It is clear that an understanding of Caribbean political philosophy is an understanding of the postcolonial project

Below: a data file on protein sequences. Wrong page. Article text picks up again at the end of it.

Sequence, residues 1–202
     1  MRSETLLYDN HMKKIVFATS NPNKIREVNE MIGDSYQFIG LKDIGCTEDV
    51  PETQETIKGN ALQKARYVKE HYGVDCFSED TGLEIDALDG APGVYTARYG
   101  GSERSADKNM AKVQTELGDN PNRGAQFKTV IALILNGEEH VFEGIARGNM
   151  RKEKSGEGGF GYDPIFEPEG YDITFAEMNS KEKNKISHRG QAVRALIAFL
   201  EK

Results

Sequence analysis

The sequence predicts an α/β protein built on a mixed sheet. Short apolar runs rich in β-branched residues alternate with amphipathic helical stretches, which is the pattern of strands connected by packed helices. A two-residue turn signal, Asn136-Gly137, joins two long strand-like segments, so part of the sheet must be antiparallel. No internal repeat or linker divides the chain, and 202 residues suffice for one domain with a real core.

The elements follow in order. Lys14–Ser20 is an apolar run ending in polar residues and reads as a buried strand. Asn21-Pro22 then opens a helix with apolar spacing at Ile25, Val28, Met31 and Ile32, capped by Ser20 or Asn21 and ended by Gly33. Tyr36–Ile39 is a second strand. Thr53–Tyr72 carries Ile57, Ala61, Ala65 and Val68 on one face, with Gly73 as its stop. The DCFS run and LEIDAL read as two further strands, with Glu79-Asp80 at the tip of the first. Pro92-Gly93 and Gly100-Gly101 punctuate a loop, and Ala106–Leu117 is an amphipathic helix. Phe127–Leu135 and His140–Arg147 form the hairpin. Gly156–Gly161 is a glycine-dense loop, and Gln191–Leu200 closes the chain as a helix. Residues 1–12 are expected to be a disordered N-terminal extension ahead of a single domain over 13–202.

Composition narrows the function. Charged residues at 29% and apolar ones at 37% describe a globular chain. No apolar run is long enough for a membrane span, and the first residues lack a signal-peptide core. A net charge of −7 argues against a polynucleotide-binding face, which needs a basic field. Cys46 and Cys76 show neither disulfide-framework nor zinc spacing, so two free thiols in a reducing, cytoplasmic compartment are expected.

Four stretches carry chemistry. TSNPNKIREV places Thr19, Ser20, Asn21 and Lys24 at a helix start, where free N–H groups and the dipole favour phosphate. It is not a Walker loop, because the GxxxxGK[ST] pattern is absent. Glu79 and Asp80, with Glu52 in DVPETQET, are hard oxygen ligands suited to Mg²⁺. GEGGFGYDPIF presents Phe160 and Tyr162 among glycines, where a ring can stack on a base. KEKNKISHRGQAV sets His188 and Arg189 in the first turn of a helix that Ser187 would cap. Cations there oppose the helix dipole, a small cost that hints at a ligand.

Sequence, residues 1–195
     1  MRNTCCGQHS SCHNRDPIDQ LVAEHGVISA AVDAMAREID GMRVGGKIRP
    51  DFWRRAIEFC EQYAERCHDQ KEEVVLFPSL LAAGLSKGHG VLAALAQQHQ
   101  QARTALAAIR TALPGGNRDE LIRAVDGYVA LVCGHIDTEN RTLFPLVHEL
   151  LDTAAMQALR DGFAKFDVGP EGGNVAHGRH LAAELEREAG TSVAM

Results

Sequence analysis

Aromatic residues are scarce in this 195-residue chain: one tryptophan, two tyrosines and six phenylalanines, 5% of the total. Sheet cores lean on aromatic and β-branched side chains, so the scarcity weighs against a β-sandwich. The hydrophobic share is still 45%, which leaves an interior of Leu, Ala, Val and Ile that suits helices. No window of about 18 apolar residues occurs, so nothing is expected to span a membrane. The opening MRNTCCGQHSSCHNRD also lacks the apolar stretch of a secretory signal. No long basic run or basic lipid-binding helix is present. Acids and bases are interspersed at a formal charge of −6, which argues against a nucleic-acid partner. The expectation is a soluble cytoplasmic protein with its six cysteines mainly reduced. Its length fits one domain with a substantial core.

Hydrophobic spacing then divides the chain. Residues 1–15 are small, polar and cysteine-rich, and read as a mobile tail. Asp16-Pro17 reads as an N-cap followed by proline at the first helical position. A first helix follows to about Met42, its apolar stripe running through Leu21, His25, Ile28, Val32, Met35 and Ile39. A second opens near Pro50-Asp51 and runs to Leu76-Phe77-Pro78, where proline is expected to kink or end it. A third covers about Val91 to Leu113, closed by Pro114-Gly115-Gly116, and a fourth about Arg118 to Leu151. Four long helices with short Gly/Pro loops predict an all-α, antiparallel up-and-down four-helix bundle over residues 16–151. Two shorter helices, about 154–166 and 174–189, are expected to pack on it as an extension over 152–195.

It is clear that an understanding of Caribbean political philosophy is an understanding of the postcolonial project. In critically assessing the utility of creolization as an analytical tool for overcoming questions surrounding the conceptual relevance and political effectiveness of Caribbean philosophy in its anti-colonial aspects, what has been unfolded is that it can in fact be used to sift out a distinctiveness in Caribbean philosophy. As earlier engaged Creolization refers to the interplay between world culture and national cultures, focusing on how commodities, or cultural objects and practices more generally, are assigned meanings and uses in receiving cultures. However, they are peculiar issues that present themselves that not only questions whether the methodical process of creolization thought important or relevant enough to be discussed in alignment to the issues in Caribbean philosophy. Yet in looking at creolization and its impact on the political make up of political thought, it is acknowledged that the ideologies of the Caribbean people are in play. Caribbean philosophy in and of its current form cannot be said to have fully matured in mine eyes but this may just be the problem for us as political thinking Caribbean people in that we need to liberate our minds from Western influences. Honestly there is a need for us as Caribbean people to be disentangled with the influence of the western, which would cause a greater sense of individuality to our political ideologies. In providing a link, mention of those values, norms, practices and attitudes which make up the ‘creole’ of the people are essential to Caribbean philosophy. The Caribbean people should look inwards and develop alternative ways of conducting their affairs. In the spirit of creolization, they should make use of the knowledge gained from the interactive process with other cultures to better their human, social and spiritual conditions. It is as Derek Walcott, once wrote: “Colonials, we began with this malarial enervation: that nothing could ever be built among these rotting shacks, barefooted backyards and moulting shingles; … If there was nothing, there was everything to be made.” Therein it is cemented Caribbean political thought is ere to stay and prosper, not only in its relevance but in its effectiveness.

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